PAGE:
The shipping and the pickle

Declaration of love to a landscape

My old friend Michael knows his stuff. Even the study twenty years ago he was my four semesters ahead, and so it has remained in life.
It does not matter where i go or what i do, Michael was always there before. When I moved to Hamburg twelve years ago Michael told me “you will definitely need an apartment in the “Schanze”! I have never been there but I knew it was loud there. “Nonsense”, said Michael, “It is not too loud, it is just lively!”

Two and a half years ago when I moved to Berlin, of course, long lived Michael there. After surviving moving, my family and me remained a few days off. “You absolutely must visit the Spreewald” said Michael. I had heard that man from Berlin spends his short vacation on the Baltic, and told him so. “Wrong” said Michael, that was once. Who really knows, is going to the Spreewald.”
At that time all I knew two things about the Spreewald. The shipping and the pickle. I felt a little inclination to deepen this acquaintance. “ So. And what exactly do you do in the Spreewald except of shipping and eating pickles? “I asked Michael and he simply asked me “were you ever shipping and ate these prickles?” “ –“ No” I had to admit but I still was not convinced. I could see it. Day after day paddling through the countryside on a collision course with a loud crowd of other fugitives from Berlin and felt reminded of my vacation trauma from my youth: The so called recreational are. The very word “recreational area” is already a contradiction in terms because there you inevitably meet these people you wanted to recover from.

“Excuse me but is the Spreewald not a bit to close”, I reported on concerns. “Geographically, yes, felt no” Michael said “ felt is the Spreewald a different world.” – “ Another World” I asked “ in what way?” – “ Hm, hard to describe” said even Michael who normally, who usually never waits to describe something, “but if you ask me, I would say it is primarily: Quiet. Sensational quietly , without making a fuss of it , of course. And he is not just silent but on the myriad ways. Forest still. Water still. Still life … “ “ Still life” I asked the man who had told me not so long ago that life means volume. “Yes, the real life is still, a life and nowhere is it more quiet than the Spreewald” Michael let me know and thus ended the conversation. There it was again, his four semesters in life ahead.

So there was nothing else to do but to get my wife and child to the car and to make my way into another world, an hour drive from Berlin to search for the true life between shipping and prickles. The Highway to Cottbus quickly became empty, the sky wider and the country phenomenally flat. When I had last seen so much undeveloped area? Continuing on the country road through villages with Sorbian subtitles, narrow leaves overshadowed alleys along massive tree trunks and every 20 meters a shield warning you to be careful. Suddenly my daughter screaming “ there, there a stork!” I am making an emergency break. We come to stop between two massive oak trees, are getting out of the car after a brief moment of shock to breath.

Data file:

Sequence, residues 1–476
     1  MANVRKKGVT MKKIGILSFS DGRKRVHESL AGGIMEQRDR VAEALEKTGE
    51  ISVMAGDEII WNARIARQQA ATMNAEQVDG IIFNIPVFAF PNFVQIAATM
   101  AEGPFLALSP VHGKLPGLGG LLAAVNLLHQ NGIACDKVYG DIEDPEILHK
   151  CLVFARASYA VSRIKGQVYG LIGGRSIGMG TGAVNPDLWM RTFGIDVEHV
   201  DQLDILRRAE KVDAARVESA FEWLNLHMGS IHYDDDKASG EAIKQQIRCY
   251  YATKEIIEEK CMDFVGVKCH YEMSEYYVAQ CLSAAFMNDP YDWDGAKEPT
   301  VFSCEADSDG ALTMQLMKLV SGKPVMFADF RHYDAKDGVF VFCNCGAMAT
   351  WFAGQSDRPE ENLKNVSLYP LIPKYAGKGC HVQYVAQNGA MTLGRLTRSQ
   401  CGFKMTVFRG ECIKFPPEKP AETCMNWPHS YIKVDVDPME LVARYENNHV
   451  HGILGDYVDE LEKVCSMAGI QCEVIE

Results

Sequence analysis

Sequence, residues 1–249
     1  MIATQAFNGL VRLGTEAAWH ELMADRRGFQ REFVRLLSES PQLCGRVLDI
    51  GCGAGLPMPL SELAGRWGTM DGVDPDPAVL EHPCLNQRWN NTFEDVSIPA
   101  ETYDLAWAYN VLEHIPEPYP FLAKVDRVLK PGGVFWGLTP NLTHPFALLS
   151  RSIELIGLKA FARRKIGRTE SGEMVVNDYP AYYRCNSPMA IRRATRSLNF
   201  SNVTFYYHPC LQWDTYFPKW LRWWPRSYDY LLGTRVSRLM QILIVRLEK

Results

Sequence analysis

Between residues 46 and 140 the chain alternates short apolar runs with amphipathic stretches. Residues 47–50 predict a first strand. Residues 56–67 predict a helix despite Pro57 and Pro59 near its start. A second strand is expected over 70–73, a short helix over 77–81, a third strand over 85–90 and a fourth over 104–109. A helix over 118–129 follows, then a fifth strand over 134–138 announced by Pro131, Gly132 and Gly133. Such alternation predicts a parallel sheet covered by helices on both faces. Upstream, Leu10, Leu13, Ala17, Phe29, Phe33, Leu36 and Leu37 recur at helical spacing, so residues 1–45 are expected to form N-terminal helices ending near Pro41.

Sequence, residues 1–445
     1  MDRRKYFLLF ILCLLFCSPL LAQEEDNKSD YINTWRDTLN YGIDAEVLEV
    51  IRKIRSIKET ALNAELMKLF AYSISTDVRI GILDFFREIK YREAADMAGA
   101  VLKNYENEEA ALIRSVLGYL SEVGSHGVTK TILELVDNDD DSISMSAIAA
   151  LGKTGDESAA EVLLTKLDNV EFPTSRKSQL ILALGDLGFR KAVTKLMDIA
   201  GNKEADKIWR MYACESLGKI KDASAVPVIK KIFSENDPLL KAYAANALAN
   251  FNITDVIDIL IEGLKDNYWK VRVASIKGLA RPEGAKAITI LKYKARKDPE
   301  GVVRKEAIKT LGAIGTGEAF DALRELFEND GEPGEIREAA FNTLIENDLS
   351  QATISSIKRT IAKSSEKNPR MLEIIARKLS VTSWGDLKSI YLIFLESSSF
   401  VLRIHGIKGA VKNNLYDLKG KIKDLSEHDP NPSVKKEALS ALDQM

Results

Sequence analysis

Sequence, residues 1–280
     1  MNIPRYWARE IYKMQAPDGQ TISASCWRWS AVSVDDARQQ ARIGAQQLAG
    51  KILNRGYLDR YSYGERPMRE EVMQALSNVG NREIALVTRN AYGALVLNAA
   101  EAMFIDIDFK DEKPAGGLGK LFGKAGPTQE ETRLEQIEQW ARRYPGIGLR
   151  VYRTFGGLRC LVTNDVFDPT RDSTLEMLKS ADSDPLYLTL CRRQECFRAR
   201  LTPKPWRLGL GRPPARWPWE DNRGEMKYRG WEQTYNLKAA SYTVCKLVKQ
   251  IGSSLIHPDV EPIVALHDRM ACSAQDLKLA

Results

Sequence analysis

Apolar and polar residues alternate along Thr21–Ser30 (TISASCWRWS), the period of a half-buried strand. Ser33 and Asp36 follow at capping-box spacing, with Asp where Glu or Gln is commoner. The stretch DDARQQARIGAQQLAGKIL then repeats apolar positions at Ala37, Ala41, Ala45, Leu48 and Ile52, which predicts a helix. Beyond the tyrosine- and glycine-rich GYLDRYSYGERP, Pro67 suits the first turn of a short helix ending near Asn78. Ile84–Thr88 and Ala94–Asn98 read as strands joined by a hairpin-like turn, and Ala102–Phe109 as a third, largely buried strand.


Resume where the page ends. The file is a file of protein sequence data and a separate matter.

Not even one hundred meter away the stork stalks thoughtfully, almost fussy about the freshly mowed field and finds apparently plenty of mice and frogs which can no longer hide among the stubble stalks. His black and white plumage looks a bit plucked and dirty with a tinge of yellow urine color. His beak is less bright red than I thought when I suddenly realized that all I know about this animal is from over colored children´s books. Somehow you can see that this animal is an endangered species with his long skinny stilts. But we cannot bring him out of his comfort zone, as we stand by the wayside, speechless and obliviously. Either he is accustomed to tourists or he really lives in another world.
Maybe this is what Michael meant, this silence and introspection, far from everything. This stork definitely had an aura of silence which you could see. We saw him literally in still life. He moved but as in another time. He moved and poked at his leisurely hunting right in front of our eyes, but as an infinite distance. This stork was neither particularly sumptuous yet very original on contrary he was the first not kitschy stork in my whole life just because he lived in the silence of his own stork world so utterly and he did not care about our feelings. All other storybook storks which I had seen in my life wanted from me that I – externally or internally – exclaim “oh look, it is a stork!” All other storks wanted me to impose their feelings, to put myself in a mode of ecstatic nature. This stork did not want anything from me. He wanted some frogs and mice and not get disturbed. And that was so far away from cheesy and any other form of sentimental rape that I even forgot about the mosquitos.
Wrongly by the way. The mosquitos belong to the Spreewald and they guarantee the authenticity. The mosquito is like the anti –kitsch insurance in this landscape. Whenever it is cheesy in the Spreewald the mosquito is coming, and not just random ones. The Spreewald gnat is not at all comparable to the common Berlin mosquito. One would think that these country mosquitos are far inferior to the urban counterparts but the opposite is the case! The Spreewald mosquito is the crown of mosquito creation. He is incredibly fast, agile and crafty. Because he comes from the depths of silence and has adapted to it. You seem to hear the mosquito buzzing on the basis of the Spreewald silence but so quietly that it could also be just the ears, an acoustic illusion. If you think they come from the right, they come in reality from the left and when you think that they come from the front, they come from behind. Spreewald travelers tell of swarms of mosquitos, but it might as well be only a handful of mosquitos or just one because they are never caught – in stark contrast to the capital mosquito that is loud, brash and sluggish and did not survive the day. If you want to know the mosquito of the future, do not go to Berlin. Go to the Spreewald.